Last week we posted our 113th Persecution Podcast and in case you missed it, I wanted to remind you that you can listen to this very short podcast here.
David and Dory share prayer updates for Sudan, Algeria, Azerbaijan, and Indonesia.
Here are the specific prayer requests to give you more information.
Muslims ransacked a church in Khartoum on Saturday, April 21, in another signal that the northern government intends to eliminate both Christians and ethnic Africans from the country. About 500 Muslims from a nearby mosque attacked and destroyed the Presbyterian Evangelical Church after a Muslim cleric preached an inflammatory sermon calling for jihad against Christians. The attackers ransacked buildings, knocked down walls and burned Bibles while security police looked on. Christians from Ethiopia, Eritrea, India, South Sudan and Sudan worshiped at the church, which has filed suit against the attackers. The church compound also included a Bible school and student housing. “It seems no one cares about us here in Sudan after the independence of South Sudan,” a VOM contact wrote. “What I know is that the church will remain and continue to operate, though there will continue to be challenges.”
A new Bible translation in the Kabyle language is enabling many more people to read God’s Word in Algeria, according to a VOM contact there. Our Algerian contact had been using French translations for a Bible study he led, but many of the older believers didn’t speak French. Since Kabyle is the area’s native language, the VOM contact began using the new Kabyle translation when it was published last year with VOM support. “We prayed for a long time that one day God would provide the Bible in Kabyle,” he said. More people are now attending the Bible study, and more understand God’s message of hope. Algerians who read Kabyle can now read the Bible for themselves and share its content with others. “We want to thank you, because God heard our prayers,” the VOM contact said. Thank God that his Word is now accessible to more people in Algeria.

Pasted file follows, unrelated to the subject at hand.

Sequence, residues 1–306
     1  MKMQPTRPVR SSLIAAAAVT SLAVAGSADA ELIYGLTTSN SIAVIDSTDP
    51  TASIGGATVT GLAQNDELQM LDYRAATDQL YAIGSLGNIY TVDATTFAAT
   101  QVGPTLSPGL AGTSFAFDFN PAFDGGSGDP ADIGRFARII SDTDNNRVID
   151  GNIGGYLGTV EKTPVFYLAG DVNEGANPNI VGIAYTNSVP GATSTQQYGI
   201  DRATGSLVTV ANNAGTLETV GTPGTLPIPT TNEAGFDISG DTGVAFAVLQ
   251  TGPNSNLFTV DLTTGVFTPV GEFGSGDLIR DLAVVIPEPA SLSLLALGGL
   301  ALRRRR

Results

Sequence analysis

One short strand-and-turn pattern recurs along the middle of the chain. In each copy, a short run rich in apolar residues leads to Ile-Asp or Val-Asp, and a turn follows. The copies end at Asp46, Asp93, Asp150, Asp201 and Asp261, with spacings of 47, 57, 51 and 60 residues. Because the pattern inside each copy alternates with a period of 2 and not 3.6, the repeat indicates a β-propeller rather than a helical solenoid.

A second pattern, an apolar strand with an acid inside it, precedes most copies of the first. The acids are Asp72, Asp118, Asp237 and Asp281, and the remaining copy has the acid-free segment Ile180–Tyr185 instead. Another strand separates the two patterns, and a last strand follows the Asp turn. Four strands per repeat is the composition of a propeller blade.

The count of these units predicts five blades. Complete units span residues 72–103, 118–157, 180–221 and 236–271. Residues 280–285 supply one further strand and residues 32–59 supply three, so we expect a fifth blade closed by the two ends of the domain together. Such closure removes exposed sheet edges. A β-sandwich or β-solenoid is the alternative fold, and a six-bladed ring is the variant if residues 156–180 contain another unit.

In the first known case of a church closure under Azerbaijan’s new religion law, a judge in Baku ruled on Wednesday, April 25, to liquidate Greater Grace Protestant church. Under terms of the ruling, religious activity by the church or its members is illegal and is subject to punishment. The church intends to appeal the ruling. Although Greater Grace registered with the state in 1993, it did not re-register in 2009 when the new religion law passed because leaders believed the church was already registered. Hundreds of churches that re-registered in 2009 are still waiting for the State Committee to respond to their applications. In some cases, churches were denied registration because of unspecified errors in their applications. Christians fear that the ruling against Greater Grace sets a dangerous precedent for other churches in the country.
Pray for those training 50 pastors to share the gospel with Muslims.